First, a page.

As a contributing author to Paleo Magazine, I’m excited to share a peek at my article in the upcoming September issue. Check out exclusive articles by subscribing or finding issues on a newsstand near you. Enter to win a FREE year’s subscription to Paleo Magazine by posting a comment below within the week (through 10/1/11)!
An excerpt from my article in the latest issue (or click here to download a preview PDF):
Feeding Kids: What the USDA Recommends versus The Paleo Diet.
Parents looking to make the move to a Paleo Diet (PD) for their families often question the nutritional value of “this way of eating.” Specifically, parents express concern about low calcium intake without dairy, low fiber intake without grains, high fat and cholesterol intake (and whether it’s healthy or not), and the overall nutritional value of the approach.
Let’s tackle these questions by comparing a day’s worth of meals from each camp.
According to the MyPyramid For Kids Worksheet (there is not yet a MyPlate developed for kids), kids should strive to eat the following: “Whole grains: 6 ounce equivalents. Vegetables: 2 ½ cups. Fruits: 1 ½ cups. Milk: 3 cups. Choose fat-free or low-fat most often. Meats & Beans: 5oz equivalent. Some foods don’t fit into any group. These “extras” may be mainly fat or sugar—limit your intake of these.”
I created a 1-Day Example based on the USDA recommendations for childrens’ nutrition using the online calculator at nutritiondata.self.com. The day includes all of the recommended servings of foods listed above (fig. A – click to view info on nutritiondata.com) I also created a typical day’s worth of meals that you might expect to see a Paleo parent feeding his or her child that breaks down as follows (fig. B – click to view info on nutritiondata.com)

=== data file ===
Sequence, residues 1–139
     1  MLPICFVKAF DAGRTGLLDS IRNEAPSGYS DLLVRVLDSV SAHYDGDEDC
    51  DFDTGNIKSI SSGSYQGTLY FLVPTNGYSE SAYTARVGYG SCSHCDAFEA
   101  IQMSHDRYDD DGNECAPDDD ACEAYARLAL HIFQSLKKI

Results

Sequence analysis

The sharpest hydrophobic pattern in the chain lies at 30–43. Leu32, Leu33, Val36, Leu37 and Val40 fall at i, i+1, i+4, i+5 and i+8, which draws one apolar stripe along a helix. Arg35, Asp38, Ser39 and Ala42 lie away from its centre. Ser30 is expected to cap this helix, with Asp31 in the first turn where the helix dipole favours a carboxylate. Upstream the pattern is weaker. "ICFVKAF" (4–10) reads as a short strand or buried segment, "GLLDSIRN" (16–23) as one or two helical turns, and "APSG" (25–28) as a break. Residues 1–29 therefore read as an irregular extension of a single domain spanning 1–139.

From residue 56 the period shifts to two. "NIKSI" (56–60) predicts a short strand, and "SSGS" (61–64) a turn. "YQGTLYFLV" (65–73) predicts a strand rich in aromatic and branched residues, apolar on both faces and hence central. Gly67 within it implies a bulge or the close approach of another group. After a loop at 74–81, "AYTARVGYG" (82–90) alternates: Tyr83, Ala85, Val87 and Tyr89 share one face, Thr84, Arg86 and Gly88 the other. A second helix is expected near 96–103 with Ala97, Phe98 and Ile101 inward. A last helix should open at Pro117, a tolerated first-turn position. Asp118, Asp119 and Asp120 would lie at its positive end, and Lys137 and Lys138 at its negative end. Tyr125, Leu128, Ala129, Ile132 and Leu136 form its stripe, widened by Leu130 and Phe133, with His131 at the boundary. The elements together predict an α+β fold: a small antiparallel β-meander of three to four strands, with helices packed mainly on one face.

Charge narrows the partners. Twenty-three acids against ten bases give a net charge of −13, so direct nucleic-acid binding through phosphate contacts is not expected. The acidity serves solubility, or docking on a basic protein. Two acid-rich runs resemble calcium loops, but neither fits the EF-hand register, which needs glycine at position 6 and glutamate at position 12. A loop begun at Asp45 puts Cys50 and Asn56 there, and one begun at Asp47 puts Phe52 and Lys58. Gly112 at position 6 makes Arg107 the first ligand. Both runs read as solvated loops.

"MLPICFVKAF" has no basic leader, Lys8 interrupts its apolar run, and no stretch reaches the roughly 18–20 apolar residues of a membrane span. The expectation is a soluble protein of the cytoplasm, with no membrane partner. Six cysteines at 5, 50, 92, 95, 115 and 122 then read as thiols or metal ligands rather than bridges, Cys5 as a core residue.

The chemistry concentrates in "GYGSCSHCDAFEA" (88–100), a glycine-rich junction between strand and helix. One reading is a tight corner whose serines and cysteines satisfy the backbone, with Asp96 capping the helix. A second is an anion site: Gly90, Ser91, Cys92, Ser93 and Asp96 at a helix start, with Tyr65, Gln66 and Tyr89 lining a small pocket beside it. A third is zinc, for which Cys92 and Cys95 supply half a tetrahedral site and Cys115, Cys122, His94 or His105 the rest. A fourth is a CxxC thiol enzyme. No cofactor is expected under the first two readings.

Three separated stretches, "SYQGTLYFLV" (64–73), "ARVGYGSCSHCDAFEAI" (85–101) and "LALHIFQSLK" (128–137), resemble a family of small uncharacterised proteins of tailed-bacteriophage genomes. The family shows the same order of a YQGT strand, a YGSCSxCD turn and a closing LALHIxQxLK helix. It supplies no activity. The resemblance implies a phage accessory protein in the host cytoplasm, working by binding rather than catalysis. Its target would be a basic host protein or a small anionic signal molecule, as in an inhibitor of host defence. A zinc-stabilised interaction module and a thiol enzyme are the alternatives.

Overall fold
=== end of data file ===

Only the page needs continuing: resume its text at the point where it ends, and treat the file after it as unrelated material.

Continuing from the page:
How do these two days worth of meals compare on the big topics in question?
Calcium: We can see in a day’s worth if USDA meals that the RDA is slightly exceeded at 123%, while the PD comes a lot closer than parents might assume at 90%. Now, I wasn’t specifically searching for calcium-rich foods when I calculated this day, but you can see how a child can easily come close to the RDA for calcium without a DROP of dairy in his or her daily diet. That said, even at 90% of the RDA, the amount of calcium that’ll be absorbed by the child’s body is likely going to be much higher since the cofactors for calcium absorption are higher across the board in the PD day (continued)… Subscribe to read the full article!
Example: USDA Recommended Day of Meals for A Kid.
To view the USDA worksheet for recommended Kids’ nutrition, click here.
Example: Paleo Day of Meals for a Kid.
There is no recommended way to feed a kid on paleo… just meat, seafood, eggs, veggies, fruit, some nuts & seeds. Done.
Read more of mu analysis and comparison of these two diets by grabbing your copy of Paleo Magazine today!